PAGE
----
Ornamental grasses are the highlight of any fall landscape. Few plants can provide so much beauty for so little effort. And fall is an excellent time to plant them, rewarding the gardener with much bigger and showier blooming plants next year. Planting ornamental grasses in the fall is almost like picking up an entire growing season without the work and water.
Landscape Combinations for Maximum Impact
Ornamental grasses should be used in groups integrated into the landscape alongside flowering perennials and shrubs. I'm particularly fond of placing grass combinations in with other plants, rather than plunking single specimens randomly into the yard. In groups they are more visible and dramatic.
Some favorite pairings for sunny landscapes include the following:
Ornamental grasses are an indispensable part of the habitat friendly landscape as they are used as:
A food source for many butterfly caterpillars that feed on the leaves.
Cover and winter protection by small animals, reptiles and ground birds (like quail, roadrunners and pheasants).
A food source by songbirds, small mammals and insects that feed on the seeds.
Homes for beneficial insect species by providing cover, nesting and overwintering protection for larvae and adults.
Rain garden plants whose fibrous roots help to filter and clean the water as it moves through the soil and into waterways and aquifers.
Grass Highlights for This Fall:
'Thin Man' Indian Grass (Sorghastrum nutans)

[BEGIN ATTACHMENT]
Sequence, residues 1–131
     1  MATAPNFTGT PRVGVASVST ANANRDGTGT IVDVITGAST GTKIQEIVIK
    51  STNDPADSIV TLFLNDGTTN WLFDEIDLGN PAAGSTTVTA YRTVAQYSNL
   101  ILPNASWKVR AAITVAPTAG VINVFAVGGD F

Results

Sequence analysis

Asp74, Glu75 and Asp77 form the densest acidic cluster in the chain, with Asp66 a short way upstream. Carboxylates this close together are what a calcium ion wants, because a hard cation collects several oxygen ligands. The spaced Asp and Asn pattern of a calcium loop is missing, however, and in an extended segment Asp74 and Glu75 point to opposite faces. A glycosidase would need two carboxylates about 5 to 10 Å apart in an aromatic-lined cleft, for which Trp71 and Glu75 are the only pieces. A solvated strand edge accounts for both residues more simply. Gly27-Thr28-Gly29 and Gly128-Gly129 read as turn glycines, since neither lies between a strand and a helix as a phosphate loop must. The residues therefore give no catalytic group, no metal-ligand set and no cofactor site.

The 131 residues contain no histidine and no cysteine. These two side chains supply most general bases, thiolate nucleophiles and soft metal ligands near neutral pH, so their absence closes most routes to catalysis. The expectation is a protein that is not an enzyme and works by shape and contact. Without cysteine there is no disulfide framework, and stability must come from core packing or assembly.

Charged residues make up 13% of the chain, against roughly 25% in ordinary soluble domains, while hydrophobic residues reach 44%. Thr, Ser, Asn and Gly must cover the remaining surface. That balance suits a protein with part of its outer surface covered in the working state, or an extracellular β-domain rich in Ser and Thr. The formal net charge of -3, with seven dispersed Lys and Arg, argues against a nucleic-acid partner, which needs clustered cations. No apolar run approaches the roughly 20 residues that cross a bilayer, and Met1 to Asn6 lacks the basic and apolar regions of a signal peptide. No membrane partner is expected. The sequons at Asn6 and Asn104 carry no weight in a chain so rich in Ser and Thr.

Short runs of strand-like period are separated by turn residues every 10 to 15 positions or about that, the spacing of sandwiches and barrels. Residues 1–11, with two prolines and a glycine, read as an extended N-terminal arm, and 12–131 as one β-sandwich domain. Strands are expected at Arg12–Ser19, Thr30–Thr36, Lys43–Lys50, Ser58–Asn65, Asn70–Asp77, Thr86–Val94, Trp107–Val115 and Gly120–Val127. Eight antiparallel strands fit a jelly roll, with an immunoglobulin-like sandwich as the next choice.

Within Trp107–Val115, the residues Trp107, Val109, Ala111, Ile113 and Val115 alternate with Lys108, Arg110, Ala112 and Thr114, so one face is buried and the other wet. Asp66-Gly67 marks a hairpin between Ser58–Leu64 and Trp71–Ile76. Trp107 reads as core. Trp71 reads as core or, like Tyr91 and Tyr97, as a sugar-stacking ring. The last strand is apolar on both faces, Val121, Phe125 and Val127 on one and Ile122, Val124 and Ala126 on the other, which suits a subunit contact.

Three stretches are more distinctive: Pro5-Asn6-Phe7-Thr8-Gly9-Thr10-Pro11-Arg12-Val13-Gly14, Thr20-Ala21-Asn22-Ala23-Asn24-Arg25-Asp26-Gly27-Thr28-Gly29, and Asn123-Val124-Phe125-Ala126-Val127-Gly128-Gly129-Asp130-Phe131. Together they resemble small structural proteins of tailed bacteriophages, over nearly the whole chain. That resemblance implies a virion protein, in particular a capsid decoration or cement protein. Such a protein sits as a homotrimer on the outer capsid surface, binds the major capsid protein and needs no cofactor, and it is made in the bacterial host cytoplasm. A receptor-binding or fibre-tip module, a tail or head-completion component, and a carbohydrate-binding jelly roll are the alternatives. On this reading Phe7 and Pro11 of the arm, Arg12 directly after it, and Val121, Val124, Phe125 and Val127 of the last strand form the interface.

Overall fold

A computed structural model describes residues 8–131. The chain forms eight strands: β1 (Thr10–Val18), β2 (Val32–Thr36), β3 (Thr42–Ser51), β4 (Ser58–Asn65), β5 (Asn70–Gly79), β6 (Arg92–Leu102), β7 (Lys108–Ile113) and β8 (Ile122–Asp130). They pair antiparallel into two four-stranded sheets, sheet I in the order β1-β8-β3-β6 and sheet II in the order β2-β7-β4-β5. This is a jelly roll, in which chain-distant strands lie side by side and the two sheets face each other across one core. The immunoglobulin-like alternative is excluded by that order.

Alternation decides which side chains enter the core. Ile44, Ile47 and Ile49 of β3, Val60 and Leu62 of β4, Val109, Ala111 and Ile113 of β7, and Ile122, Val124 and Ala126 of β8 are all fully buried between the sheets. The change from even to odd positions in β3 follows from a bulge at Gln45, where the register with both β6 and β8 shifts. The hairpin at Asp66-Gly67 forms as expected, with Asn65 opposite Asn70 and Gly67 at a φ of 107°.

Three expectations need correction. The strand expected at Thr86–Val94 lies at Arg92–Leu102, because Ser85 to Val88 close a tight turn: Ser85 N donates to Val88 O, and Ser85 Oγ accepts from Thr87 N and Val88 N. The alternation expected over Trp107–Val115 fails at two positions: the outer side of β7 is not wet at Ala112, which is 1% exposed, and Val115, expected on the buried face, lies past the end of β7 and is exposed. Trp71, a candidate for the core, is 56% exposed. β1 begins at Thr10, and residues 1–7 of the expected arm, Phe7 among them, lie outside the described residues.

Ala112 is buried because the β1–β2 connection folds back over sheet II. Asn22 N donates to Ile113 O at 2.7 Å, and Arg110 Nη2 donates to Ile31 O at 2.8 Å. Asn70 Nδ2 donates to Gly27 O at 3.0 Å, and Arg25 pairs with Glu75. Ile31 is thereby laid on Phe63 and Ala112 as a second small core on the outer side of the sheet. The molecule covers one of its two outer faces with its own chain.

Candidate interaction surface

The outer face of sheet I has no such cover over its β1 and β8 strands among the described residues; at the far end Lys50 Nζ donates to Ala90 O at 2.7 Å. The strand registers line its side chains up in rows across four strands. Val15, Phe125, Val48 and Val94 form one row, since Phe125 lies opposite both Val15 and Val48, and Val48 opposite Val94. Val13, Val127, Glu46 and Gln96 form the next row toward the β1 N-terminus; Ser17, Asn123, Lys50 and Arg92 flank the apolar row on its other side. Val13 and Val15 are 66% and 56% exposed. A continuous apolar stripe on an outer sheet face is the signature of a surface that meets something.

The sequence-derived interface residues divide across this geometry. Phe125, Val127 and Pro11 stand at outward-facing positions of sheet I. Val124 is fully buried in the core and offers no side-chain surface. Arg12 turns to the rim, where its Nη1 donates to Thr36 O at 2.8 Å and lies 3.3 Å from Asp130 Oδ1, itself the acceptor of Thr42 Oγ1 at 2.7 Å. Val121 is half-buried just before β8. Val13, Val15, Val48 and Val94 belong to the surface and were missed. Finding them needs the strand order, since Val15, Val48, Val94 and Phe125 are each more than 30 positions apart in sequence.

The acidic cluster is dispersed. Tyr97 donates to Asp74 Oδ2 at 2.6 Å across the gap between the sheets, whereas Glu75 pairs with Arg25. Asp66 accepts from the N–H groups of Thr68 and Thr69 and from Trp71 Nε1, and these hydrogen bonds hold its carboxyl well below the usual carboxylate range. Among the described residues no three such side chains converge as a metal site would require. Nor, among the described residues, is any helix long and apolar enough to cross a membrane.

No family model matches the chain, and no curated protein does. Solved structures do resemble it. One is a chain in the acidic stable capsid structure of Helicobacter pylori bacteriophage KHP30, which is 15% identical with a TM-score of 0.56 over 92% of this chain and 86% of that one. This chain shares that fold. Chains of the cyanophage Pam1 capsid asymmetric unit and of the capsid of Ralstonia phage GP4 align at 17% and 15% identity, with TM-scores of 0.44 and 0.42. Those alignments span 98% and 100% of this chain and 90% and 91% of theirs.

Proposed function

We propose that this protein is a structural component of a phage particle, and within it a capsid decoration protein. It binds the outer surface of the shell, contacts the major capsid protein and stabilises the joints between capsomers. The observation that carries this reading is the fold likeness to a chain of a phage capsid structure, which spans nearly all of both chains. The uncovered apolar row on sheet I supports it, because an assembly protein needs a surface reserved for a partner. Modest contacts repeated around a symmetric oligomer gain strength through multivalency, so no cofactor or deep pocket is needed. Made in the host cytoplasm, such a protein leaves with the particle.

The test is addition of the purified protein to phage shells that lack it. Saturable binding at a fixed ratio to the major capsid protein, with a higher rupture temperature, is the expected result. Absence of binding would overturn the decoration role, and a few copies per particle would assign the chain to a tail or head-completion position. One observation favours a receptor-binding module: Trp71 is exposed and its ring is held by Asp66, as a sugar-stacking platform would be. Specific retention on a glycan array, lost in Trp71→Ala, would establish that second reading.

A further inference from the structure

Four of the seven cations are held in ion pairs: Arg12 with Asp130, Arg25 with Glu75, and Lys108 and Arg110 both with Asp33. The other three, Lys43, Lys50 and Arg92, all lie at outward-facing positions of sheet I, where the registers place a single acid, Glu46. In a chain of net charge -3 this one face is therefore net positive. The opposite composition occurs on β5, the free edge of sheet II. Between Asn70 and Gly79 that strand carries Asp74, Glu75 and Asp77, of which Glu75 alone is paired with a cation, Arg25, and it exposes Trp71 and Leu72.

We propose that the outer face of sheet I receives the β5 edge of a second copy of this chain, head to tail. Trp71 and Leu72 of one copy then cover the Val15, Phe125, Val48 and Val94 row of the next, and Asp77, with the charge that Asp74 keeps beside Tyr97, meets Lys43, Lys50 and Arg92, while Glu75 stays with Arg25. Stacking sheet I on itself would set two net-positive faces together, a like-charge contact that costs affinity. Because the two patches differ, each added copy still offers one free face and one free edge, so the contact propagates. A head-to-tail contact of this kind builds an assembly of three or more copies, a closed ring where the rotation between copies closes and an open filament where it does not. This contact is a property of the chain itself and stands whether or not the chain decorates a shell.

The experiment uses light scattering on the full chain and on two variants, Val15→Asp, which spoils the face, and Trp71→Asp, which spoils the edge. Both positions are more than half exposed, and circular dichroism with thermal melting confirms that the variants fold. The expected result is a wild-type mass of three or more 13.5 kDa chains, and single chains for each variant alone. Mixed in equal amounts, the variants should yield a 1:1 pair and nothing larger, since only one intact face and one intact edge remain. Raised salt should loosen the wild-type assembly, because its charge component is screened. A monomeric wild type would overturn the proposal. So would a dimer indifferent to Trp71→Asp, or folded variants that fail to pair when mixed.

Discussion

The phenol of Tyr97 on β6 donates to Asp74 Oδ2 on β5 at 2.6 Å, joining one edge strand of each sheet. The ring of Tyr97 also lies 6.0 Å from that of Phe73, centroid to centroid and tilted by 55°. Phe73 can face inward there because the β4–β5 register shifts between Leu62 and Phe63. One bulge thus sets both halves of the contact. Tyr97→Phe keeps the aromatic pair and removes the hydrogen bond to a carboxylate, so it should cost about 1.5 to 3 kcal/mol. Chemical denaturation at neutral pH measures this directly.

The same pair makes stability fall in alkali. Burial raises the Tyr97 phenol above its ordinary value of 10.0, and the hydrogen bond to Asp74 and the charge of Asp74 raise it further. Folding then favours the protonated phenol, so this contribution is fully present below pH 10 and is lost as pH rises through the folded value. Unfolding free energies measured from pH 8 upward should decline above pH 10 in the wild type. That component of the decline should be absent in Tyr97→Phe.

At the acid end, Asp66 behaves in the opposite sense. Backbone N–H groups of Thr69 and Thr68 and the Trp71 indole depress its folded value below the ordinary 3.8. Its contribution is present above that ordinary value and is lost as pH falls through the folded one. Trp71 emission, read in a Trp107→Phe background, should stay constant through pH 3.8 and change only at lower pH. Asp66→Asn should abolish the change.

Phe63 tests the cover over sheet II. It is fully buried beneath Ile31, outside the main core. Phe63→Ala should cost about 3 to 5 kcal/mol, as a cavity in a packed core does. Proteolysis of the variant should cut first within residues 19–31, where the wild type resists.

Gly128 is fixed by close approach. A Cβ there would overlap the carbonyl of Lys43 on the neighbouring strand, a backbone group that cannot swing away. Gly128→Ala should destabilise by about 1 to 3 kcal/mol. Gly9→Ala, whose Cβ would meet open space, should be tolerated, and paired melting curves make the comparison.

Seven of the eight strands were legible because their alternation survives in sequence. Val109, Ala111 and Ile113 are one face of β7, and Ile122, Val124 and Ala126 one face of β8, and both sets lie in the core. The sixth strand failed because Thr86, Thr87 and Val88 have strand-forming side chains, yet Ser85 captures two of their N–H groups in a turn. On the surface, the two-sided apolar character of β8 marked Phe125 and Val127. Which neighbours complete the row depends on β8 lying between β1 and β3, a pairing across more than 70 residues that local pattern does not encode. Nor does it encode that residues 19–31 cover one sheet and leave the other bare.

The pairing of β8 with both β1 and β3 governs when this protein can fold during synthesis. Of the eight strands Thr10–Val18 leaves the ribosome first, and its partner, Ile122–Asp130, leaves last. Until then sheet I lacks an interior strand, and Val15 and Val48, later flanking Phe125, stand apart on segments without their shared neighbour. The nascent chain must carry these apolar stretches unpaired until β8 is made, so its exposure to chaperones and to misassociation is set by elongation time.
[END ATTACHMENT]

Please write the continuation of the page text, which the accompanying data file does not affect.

Indian Grass is a tall, native species with showy seed heads. But Indian Grass's usefulness in the ornamental landscape has been somewhat limited by the variable look and habit of seed grown plants. 'Thin Man' is an exception to this limitation. Propagated by division (breaking apart the crown into small pieces), its tall, strongly upright habit is consistent from plant to plant. The bright blue foliage contrasts beautifully beneath the late summer display of golden-bronze seed heads. Its narrow profile lends it for use in long narrow beds along walls and sidewalks. 'Thin Man' is my introduction originating from the high, dry, windy plains of eastern New Mexico. It's much better adapted to the harsher, drier climates of the West than the other Eastern ecotypes in the trade.
'Shenandoah' comes into its own in the late summer when the green foliage begins to develop its exceptional burgundy foliage and blooms with showy, billowing burgundy-pink seed heads. Tough yet beautiful, it's also a great rain garden plant tolerating wet and dry soil conditions. A native warm season grower.
Windwalker® Big Bluestem (Andropogon gerardii)
A big, tall blue-leaved selection of our native Big Bluestem grass, Windwalker® adds size and changing color to the landscape. The bright blue leaves turn pink and purple in the fall. Use it in groups or as a deciduous hedge in front of wood or split rail fences or masonry walls. With its tall stature and numerous "turkey foot" flowers, this grass is especially supple and graceful in the wind. A native warm season grower and 2015 Plant Select® winner.